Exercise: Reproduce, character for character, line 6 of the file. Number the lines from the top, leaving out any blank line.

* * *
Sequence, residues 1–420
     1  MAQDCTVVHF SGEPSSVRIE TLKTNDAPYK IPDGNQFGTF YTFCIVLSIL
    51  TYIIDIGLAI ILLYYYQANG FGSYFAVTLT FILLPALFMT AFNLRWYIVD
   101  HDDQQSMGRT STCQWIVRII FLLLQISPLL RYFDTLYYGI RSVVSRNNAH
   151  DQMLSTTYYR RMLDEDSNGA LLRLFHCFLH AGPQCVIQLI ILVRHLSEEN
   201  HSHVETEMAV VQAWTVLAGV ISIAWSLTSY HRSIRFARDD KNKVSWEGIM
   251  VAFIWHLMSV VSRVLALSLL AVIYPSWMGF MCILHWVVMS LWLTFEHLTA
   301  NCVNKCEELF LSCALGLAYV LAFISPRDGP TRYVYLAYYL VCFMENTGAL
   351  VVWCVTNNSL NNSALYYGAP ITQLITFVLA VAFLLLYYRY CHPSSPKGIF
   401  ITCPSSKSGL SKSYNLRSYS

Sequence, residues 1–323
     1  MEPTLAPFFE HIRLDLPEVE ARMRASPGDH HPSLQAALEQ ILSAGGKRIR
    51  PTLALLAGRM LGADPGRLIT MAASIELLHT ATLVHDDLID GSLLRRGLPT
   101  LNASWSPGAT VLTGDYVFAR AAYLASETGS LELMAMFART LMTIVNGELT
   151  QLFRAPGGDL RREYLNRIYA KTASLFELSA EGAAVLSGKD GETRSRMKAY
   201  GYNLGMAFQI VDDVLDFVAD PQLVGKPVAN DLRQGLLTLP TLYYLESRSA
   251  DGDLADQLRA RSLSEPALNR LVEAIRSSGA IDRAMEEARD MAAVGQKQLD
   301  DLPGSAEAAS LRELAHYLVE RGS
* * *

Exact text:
   201  HSHVETEMAV VQAWTVLAGV ISIAWSLTSY HRSIRFARDD KNKVSWEGIM